VG2020 : Giant slaloms

The Cape of Good Hope and the depressions of the great south are ardently desired. 19 of the 32 IMOCAs in the 9th Vendée Globe fleet are still grappling with the Saint Helena high pressure which is slowly moving east. The staircase trajectories demonstrate that the hours at sea are not easy and laborious. And this morning, a blow from Trafalgar: the LinkedOut of Thomas Ruyant is now deprived of a port foil.

“I naturally continue the race, disabled, with only one wing, but I take comfort in telling myself that I have my starboard foil left, which is perhaps statistically the most important for a round-the-world race. The road is long. I continue, I hold on! »Confided Thomas Rettant this morning after noticing serious cracks on the left foil of his boat. Bad news for the Dunkirk, of course, but if we remember a certain Alex Thomson in 2016, we note that he finished 2nd, a stone’s throw from the winner Armel Le Cléac’h … with one foil less. It is all the same to note that of the 8 new flying IMOCAs that counted the start of the race, only one remains that has not yet been slowed down in its tracks: Charlie Dalin on Apivia who prances in head of the fleet for 2 days.

Meeting with friends

This capricious and fickle weather had the merit of creating connections and beautiful images. The organization’s video server has heated up: drone images of Benjamin Dutreux and Boris Herrmann, video of the Initiatives-Cœur board where we can see Bureau Vallée 2, and of Maître CoQ IV on board with Seaexplorer-Yacht Club of Monaco. It’s crazy how small the world is in such a big ocean! On this 17th day of racing, the fight becomes very intense in each group that counts the fleet stretched over a little more than 3000 miles. 1.5 miles between Boris Herrmann and Yannick Bestaven, 6 between Sam Davies and Louis Burton, 12 between Manu Cousin and Pip Hare along the Horn of Brazil and 2 miles between Fabrice Amedeo and Clément Giraud who finally come out of the Pot in the dark…

Add a layer

Apivia and LinkedOut are the first to feel the frost of the great South. Already lower than the latitude of the Cape of Good Hope, at latitude 38 south, 160 miles west of the volcanic Tristan da Cunha islands, the two skippers will probably already be donning fleeces and underlays as soon as night falls. A few more hours in a windless bubble and soon they will continue south, not far from the ZEA (Antarctic Exclusion Zone), then take the low pressure train heading east. The great South awaits them, that’s what they came for!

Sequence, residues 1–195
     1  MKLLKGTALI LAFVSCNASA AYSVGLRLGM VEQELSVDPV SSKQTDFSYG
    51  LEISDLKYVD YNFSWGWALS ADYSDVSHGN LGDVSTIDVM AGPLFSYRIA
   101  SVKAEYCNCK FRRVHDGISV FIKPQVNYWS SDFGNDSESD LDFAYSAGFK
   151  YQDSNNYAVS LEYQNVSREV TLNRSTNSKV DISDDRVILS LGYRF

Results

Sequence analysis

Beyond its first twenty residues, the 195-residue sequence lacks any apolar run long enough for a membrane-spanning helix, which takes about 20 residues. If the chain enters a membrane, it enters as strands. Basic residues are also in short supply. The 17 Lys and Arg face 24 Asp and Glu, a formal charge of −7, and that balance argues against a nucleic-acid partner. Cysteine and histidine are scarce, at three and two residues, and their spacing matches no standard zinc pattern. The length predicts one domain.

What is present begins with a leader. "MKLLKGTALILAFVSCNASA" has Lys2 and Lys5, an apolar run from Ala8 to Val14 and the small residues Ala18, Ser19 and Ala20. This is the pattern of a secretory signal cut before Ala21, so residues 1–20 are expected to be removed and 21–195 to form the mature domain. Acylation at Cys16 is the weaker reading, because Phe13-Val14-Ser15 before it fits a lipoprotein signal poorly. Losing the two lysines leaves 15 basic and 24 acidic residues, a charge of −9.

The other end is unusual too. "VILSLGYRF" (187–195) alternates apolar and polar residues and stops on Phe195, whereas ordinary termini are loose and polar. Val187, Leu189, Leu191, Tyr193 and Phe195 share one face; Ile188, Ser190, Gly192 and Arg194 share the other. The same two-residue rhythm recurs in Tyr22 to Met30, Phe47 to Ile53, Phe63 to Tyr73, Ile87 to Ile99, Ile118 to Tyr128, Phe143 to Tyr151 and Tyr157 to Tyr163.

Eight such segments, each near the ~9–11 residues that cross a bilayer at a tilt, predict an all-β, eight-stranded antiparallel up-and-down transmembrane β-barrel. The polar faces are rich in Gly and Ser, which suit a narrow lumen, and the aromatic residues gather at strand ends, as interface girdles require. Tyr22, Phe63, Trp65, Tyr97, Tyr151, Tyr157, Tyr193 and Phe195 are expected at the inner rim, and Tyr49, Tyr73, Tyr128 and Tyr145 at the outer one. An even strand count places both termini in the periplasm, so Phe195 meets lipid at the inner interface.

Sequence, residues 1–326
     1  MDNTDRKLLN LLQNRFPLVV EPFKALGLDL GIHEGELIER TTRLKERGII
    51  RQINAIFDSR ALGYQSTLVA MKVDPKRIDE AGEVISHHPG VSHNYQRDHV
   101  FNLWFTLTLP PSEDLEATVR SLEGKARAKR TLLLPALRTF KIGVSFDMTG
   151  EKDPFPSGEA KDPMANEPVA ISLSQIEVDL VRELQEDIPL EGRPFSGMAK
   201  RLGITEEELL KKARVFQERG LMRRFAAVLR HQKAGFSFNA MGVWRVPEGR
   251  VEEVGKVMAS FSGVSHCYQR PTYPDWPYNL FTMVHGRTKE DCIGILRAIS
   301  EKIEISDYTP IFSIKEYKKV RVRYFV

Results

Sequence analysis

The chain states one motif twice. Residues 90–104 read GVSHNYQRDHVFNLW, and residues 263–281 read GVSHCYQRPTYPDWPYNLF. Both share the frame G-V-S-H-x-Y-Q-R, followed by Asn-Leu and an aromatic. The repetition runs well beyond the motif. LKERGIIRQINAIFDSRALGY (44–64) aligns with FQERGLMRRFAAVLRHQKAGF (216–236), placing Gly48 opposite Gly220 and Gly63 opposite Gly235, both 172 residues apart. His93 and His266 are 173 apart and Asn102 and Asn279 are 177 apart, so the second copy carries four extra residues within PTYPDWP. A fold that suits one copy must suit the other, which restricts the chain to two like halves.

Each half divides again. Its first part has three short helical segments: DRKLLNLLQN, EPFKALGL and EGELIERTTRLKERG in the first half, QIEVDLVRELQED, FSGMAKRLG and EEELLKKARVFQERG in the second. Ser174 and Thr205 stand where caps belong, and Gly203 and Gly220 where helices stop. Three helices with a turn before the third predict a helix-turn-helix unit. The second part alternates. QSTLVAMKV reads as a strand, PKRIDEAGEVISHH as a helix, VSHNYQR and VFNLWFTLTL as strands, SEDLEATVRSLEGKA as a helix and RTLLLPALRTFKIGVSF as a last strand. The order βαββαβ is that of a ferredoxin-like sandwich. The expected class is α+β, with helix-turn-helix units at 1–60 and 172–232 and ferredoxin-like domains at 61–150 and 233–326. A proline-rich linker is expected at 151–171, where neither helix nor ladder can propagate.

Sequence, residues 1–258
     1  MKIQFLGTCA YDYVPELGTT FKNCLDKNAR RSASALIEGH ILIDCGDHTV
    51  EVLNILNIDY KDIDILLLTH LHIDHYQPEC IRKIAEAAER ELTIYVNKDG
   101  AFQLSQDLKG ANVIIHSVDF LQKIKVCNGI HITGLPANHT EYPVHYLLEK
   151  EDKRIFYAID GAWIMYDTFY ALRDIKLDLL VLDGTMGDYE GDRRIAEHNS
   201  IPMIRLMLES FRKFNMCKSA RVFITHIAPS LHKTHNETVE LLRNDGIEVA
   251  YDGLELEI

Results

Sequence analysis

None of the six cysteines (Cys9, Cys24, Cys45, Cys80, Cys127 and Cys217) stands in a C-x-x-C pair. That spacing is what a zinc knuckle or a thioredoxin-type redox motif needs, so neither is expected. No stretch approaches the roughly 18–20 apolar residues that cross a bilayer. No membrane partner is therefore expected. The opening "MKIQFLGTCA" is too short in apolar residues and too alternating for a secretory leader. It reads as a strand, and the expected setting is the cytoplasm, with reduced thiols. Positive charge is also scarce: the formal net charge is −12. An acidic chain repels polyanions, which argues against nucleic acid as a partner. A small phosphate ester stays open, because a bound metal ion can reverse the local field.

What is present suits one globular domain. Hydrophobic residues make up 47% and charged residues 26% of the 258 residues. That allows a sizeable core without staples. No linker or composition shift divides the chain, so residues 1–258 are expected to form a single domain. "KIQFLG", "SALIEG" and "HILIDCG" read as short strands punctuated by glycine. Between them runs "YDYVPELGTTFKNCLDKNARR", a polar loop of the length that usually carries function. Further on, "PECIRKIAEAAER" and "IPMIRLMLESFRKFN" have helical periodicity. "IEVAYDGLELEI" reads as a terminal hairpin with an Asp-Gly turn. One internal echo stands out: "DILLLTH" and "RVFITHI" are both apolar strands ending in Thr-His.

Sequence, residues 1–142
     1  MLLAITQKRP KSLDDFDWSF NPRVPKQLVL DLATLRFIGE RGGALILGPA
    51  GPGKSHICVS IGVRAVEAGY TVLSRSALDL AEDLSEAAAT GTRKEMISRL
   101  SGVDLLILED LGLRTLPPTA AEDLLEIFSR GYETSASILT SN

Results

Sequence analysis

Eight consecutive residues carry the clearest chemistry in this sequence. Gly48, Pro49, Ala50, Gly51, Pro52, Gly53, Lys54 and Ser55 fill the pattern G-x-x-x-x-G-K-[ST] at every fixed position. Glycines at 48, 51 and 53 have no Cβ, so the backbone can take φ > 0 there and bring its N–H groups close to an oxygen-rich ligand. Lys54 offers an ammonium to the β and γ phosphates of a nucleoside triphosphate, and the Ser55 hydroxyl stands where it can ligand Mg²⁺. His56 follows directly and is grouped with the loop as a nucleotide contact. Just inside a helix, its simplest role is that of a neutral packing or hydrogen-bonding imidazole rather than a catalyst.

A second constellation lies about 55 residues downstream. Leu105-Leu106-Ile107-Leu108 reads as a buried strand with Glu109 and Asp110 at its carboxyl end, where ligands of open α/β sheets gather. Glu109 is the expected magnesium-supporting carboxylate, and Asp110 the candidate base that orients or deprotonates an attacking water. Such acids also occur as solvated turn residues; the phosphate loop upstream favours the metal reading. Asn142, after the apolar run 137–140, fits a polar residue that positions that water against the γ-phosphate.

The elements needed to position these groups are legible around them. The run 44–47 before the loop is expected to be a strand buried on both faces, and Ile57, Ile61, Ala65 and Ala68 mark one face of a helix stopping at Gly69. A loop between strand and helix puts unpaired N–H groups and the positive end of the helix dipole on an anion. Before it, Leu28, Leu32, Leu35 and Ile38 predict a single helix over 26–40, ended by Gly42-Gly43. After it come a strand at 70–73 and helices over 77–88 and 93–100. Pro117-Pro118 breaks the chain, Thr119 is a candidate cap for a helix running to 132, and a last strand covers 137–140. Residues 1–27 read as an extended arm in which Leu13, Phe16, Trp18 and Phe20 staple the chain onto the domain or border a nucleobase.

Thomas Ruyant, LinkedOut

I was about 120 ° to the wind, I was going at 20 knots when I heard that loud noise. I don’t really have an explanation. I retracted the foil all the way so it wouldn’t drag in the water. With daylight, I was able to inspect the foil and its well from top to bottom, in conjunction with my team and the architects on land. There is no waterway and the foil well is healthy. But the foil is really cracked in many places. The very structure of the foil is affected. I’m waiting for the architects’ analysis to know if I should cut it.

Isabelle Joschke, MACSF

So far I’ve done half the job, I’ve more or less rebuilt a balcony, the second part will be to fix this new balcony on the deck. Safety is really very important and we are heading in a complicated area so we should not play with that. As much on a transatlantic, it is not a drama, there I am going towards the difficult conditions that I will suffer, I will not choose what I will encounter. It’s important for me to feel safe going on my transom, and it’s also important to get things stuck back up and running for now. This descent is quite complicated, I’ve had a lot of squalls over the past two days, with the wind picking up, turning, so it’s no longer possible to do the planned course, with the question of changing the sails or not.

Boris Herrmann, Seaexplorer-Yacht Club de Monaco

I’m happy I have found a stable wind again, I’m upwind, the sea is fairly flat and there is a little sunshine. Yannick (Bestaven) is 2 or 3 miles behind me so it’s great, we’ve been talking on VHF since yesterday. Life is good but I’m a little tired, I slept little last night because the wind was turning in all directions, I changed sails, it was pretty hard. I had an unforgettable moment last night, we were really very close, there was a beautiful sunset, we are in the middle of the ocean for a world tour, it was magical. We were so close he could watch me change my sail from his cockpit. I’m taking it hour by hour right now, every time things change and the pilot regains control I’m happy.

Arnaud Boissières, La Mie Câline – Artisans Artipôle

What we saw from the start is unprecedented: whatever group of boats you are in, this is an unusual weather scenario. Afterwards, the bypass of Saint Helena is not classic but it does happen. But it’s true that the conditions have been strange, you have to adapt, I will try not to fall for it several times. There are a lot of similarities between the two hemispheres, you have to see the equator as a mirror. There are the north and south trade winds, the Saint Helena high, if we draw a parallel, we can say that it is like the Azores high to the north. The difference is that the climate will change when we go around it, it will quickly get cold. There, we are along the Brazilian coast, there are local weather phenomena that can disrupt the systems but also an impressive number of freighters and fishing boats.

Rankings at 3pm French Time

1. Charlie Dalin, Apivia à 18 972,9 milles from finish
2. Thomas Ruyant, LinkedOut at 78,53 milles from leader
3.Jean Le Cam, Yes We Cam! at 364,07 milles from leader
4. Kevin Escoffier, PRB at 453,11 milles from leader
5. Boris Herrmann, Seaexplorer – Yacht Club de Monaco at 475,51 milles from leader

Photo Credit : Boris Herrmann

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